Mayflies are not just in May

In July I caught a bad flu, not the manmade one, just one the doctor called “the crud”. I developed a fever and cough on the July 4 weekend and I’m just now getting over it so during July the reservoir bream had a hiatus from me frothing up the water with my flyrod. I did keep up with the hatches the best way I could and true to form just about every 6-11 days there was a hatch.

So last Friday, July 30, I was glad to hear from my scout that mayflies had been spotted. Unfortunately my truck was on the fritz but luckily I made a last minute repair and found I had a working truck not long after quitting time. I needed a test drive and so I just used the opportunity to check the Rez. I found plenty of bugs and the fish were on them. A heat wave was on and there was no wind making it ideal for late evening wade fishing. Just before dark I had a basket of fish, and then I realized I didn’t have a thing to put them in. Figuring I could get a mess the next day I just released them all. That’s how confident I was I would fill a cooler the next day.

A heat wave was settling on Mississippi so the following day, Saturday, I waited until after 5:30 pm to try again. With a cooler full of ice, I made my way out to the same spot. Of course a hatch of Hexagenia Bilineata only lives one day so more bugs had to emerge overnight for me to do any good. To my dismay, I couldn’t see any bugs when I drove up. After walking all the way down to the water and checking the bushes I did indeed find some mayflies. I quickly returned to the truck and donned a pair of waders and with flyrod and fish basket in hand I returned, only to find an interloper was already in my spot:

It is my understanding there has never been an alligator attack at the Rez, but wading out toward this big joker just didn’t seem like a great idea. He was standing his ground and my name is not Amos Moses. Fishing from the safety of the rocks I managed to catch quite a few just roll casting, but Mr. Gator just wouldn’t leave. Well, the thing about the mayflies at the Rez is they occur in more than one place so I just found another spot without a big gator in it. I wound up with the following cooler of bream. I kept probably kept only one out of five due to size. The reservoir bream are just generally not very big, unfortunately. Not like the gators.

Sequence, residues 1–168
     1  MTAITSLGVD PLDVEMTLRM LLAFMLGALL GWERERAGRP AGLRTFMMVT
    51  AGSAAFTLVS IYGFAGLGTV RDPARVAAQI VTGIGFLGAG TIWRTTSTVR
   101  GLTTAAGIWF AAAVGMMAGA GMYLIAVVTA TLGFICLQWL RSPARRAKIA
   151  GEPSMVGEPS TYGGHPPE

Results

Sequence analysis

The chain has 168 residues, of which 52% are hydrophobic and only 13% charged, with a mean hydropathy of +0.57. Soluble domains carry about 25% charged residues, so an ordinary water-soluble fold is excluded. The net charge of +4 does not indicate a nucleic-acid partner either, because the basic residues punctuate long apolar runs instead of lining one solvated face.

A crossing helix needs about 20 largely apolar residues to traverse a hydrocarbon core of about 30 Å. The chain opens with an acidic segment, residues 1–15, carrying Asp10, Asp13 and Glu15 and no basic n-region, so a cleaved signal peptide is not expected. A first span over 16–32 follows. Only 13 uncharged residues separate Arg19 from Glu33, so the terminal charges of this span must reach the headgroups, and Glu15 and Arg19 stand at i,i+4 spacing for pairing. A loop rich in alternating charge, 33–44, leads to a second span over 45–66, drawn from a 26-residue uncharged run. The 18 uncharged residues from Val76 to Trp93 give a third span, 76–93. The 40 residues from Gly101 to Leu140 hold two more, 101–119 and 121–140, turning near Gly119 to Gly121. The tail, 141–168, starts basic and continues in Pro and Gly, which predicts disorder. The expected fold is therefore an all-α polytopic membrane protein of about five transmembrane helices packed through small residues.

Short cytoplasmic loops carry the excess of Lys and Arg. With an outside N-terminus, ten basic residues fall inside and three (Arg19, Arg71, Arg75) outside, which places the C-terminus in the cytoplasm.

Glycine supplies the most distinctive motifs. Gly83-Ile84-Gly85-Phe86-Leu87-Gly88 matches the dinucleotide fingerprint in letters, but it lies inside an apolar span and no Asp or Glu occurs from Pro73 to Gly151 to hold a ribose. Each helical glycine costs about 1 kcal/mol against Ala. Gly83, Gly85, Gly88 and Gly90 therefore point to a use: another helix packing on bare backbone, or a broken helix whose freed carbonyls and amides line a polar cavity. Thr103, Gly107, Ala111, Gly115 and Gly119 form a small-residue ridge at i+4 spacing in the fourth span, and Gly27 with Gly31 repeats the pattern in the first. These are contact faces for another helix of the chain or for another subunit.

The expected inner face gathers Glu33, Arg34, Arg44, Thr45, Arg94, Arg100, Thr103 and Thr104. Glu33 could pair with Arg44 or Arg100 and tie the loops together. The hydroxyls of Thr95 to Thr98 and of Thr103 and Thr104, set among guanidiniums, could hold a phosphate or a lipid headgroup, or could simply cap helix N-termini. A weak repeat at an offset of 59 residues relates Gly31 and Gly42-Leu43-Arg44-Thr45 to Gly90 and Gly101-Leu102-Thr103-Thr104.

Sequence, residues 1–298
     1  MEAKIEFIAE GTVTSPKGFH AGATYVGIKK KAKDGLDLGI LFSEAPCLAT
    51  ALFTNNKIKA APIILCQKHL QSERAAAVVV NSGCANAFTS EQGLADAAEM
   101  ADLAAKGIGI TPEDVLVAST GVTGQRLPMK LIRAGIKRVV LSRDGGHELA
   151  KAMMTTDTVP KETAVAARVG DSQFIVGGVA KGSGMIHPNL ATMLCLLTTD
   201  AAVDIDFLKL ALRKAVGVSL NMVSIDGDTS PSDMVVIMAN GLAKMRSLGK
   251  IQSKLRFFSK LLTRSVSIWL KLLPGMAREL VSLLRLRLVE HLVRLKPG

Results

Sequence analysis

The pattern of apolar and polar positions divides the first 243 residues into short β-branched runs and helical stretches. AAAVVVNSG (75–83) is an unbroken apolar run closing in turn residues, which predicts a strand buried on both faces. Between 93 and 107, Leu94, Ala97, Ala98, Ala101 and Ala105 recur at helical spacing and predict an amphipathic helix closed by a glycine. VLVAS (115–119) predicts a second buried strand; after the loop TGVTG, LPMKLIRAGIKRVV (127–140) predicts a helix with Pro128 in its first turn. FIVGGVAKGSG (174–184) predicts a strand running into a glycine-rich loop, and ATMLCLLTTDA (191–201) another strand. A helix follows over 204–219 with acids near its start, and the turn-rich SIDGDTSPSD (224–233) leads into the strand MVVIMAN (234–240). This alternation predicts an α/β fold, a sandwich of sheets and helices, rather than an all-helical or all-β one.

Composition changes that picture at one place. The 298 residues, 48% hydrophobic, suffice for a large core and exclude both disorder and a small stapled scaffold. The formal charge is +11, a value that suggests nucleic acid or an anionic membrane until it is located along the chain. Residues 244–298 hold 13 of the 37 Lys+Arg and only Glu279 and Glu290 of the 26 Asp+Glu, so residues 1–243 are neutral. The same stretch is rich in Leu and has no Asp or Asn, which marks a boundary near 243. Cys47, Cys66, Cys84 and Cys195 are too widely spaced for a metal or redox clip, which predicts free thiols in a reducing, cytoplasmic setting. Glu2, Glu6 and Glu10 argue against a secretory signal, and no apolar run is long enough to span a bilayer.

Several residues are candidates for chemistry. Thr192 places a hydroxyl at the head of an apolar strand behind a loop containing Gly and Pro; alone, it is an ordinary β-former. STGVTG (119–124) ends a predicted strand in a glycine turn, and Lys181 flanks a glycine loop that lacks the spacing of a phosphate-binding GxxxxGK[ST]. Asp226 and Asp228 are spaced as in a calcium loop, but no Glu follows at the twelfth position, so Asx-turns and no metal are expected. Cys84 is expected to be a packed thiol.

I happen to like the medium sized bream because they clean quickly, fry quickly, and I just think they taste better.

I have tied all kinds of different mayfly patterns with the goal of coming up with one that hooks the bream readily. The Catskill type flies didn’t seem to do terribly well. They attract strikes well but they don’t hook up with the bream very well. It has something to do with the lightning fast strikes the bream make. I really haven’t quite figured it out, but to remedy the problem I started trying articulated patterns with moose hair and foam. I have a pattern that works very well, but this weekend what I found that worked the best was a popping bug tied with a lot of deer hair in the tail. It has white rubber legs on a brown foam body. My brother and I used to use deer hair tail poppers on the clearwater creeks of south Mississippi and we used one a man in Laurel tied. We called them “Laurel bugs”. They worked great so I tied up something similar.

The deer hair will fluff up with a few false casts and especially if you grease it with silicon. The popper body will hit the water with a “spat” which attracts the bream in the stained water. I was hooking up with bream at a phenomenal rate compared to using Catskill type flies and other patterns. Maybe the fish were just hungrier and more voracious, but it was the popping bug below that really hammered them. I know I caught five times as many as I have in the cooler photo. I just released the smaller ones. The very simple “flip-flop” popper below worked better than anything I have tried.

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